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Liquid krypton calorimeter NA48

A tiny preference for matter

The NA31 and NA48 experiments

Matter and antimatter were created in equal amounts at the Big Bang, yet today we seem to live in a Universe made entirely of matter. Nature appears to have a tiny preference, with just one particle of matter having survived for every billion particles of matter and antimatter that annihilated with each other after the Big Bang.

One clue as to how this happened may come from experiments that study a very small difference in the way that particles of matter and antimatter behave, in a phenomenon called CP symmetry breaking. This difference appears in the decays of certain particles of matter and antimatter, in particular, electrically neutral versions of particles called kaons.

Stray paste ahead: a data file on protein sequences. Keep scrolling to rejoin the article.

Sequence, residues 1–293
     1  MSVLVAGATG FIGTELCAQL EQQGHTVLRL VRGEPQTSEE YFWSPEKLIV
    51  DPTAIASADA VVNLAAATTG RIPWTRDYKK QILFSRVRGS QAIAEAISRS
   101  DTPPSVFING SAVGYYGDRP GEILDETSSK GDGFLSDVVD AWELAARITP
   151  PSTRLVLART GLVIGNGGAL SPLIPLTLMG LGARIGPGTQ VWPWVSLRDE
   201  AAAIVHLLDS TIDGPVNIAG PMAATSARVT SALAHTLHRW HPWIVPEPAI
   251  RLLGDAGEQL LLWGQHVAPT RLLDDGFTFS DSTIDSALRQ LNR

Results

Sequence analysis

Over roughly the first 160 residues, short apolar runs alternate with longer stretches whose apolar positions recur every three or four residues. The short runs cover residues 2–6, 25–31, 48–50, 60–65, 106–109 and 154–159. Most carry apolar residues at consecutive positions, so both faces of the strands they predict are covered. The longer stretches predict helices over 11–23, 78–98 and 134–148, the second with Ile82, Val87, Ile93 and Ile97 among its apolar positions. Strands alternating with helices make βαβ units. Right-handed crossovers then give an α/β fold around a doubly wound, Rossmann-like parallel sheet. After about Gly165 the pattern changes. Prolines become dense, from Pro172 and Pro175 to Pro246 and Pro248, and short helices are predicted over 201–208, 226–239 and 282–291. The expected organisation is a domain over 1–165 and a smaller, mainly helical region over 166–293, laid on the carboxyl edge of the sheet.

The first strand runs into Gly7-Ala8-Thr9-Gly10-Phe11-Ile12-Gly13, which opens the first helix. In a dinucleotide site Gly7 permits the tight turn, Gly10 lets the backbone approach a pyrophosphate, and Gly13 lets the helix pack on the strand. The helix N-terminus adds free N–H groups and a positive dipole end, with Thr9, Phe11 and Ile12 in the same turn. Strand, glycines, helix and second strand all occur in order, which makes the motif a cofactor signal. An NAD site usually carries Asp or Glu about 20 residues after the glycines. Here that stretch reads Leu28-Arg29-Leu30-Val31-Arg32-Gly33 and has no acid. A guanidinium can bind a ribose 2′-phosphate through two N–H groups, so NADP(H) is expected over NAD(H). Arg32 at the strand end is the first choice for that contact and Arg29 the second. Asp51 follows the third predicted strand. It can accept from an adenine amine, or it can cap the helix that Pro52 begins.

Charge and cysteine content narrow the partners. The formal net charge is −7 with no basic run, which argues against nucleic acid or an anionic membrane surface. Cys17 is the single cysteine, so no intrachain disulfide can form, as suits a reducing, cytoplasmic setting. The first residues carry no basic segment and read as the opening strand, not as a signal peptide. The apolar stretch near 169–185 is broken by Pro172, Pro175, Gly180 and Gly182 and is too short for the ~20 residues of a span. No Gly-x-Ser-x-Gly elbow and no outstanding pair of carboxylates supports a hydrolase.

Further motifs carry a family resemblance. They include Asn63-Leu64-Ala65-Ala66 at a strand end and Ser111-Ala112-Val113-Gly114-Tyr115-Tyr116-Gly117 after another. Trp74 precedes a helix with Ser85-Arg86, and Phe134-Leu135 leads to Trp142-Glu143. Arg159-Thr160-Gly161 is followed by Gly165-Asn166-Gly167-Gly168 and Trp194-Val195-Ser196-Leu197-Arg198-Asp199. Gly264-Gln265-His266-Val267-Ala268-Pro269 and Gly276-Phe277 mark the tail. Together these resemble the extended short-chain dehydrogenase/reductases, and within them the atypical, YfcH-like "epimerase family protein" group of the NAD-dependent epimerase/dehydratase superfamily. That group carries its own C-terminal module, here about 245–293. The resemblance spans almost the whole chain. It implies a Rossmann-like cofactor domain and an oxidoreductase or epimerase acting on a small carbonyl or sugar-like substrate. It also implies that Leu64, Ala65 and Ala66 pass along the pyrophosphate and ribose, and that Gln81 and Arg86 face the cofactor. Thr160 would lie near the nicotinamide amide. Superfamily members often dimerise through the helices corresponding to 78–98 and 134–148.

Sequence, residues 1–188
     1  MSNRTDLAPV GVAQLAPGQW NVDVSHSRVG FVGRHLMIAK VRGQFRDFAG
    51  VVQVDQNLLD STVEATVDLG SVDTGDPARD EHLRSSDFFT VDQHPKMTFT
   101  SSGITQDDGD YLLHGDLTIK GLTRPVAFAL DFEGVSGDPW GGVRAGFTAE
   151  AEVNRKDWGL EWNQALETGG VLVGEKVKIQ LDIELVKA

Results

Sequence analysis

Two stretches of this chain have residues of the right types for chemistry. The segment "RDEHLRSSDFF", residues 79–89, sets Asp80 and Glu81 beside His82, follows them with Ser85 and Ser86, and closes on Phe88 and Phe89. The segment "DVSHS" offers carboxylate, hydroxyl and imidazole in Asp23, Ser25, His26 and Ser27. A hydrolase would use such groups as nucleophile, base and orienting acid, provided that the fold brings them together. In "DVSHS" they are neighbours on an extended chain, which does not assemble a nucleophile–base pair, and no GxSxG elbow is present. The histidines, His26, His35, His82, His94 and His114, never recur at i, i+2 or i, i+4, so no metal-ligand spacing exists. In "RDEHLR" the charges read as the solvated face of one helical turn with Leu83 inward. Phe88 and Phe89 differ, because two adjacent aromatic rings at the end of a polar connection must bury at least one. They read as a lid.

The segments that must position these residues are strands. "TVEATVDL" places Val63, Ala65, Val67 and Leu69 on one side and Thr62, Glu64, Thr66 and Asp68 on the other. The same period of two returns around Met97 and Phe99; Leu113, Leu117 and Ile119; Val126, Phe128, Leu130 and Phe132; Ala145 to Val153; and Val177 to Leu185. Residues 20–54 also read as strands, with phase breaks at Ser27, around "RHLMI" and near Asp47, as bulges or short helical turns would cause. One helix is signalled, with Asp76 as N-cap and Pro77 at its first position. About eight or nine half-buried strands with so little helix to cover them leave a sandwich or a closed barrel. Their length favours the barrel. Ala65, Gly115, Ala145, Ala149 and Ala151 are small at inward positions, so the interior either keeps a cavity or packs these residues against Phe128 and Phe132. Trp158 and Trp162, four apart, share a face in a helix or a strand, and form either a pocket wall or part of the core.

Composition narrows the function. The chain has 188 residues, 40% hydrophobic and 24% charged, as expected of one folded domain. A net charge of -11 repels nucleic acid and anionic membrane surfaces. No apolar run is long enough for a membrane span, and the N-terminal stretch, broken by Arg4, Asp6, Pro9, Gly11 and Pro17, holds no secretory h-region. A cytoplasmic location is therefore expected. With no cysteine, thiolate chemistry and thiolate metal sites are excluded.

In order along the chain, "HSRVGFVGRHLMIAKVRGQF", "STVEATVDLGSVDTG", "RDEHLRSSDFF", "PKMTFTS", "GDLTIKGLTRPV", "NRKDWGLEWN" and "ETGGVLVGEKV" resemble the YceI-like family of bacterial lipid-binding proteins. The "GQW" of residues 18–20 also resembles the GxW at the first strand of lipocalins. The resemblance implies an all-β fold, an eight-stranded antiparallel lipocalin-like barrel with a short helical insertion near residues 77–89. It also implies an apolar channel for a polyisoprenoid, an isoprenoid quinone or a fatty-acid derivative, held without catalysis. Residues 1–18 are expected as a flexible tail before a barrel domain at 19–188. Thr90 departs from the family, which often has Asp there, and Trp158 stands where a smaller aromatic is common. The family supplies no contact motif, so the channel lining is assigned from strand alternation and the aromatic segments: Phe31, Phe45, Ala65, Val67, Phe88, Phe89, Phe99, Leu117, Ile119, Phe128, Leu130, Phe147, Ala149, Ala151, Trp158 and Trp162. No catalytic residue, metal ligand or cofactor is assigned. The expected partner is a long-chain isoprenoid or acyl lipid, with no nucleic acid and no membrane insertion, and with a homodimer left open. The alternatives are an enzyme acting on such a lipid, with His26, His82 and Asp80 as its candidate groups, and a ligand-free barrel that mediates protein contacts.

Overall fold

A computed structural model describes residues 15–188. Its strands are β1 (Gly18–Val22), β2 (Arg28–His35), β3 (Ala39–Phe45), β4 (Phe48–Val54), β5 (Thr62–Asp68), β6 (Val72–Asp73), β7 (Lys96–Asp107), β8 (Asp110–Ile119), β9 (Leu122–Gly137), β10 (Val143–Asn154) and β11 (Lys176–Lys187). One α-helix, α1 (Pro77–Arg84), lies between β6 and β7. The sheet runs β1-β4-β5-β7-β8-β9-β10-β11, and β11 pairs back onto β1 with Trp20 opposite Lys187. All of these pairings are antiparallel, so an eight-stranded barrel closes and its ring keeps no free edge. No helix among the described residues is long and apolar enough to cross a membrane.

The NA31 experiment at CERN was conceived to observe what is known as ‘direct’ CP symmetry breaking, using a beam from the Super Proton Synchrotron (SPS) to create the neutral kaons. In 1993 it published the first precise results on this ‘direct’ effect, which is very difficult to observe, but which indicates more clearly the physics underlying the phenomenon. This measurement was further refined by the subsequent NA48 experiment, which announced its final result on the matter in 2001. However, matter–antimatter asymmetry remains on the agenda at CERN, in particular with the LHCb experiment at the Large Hadron Collider.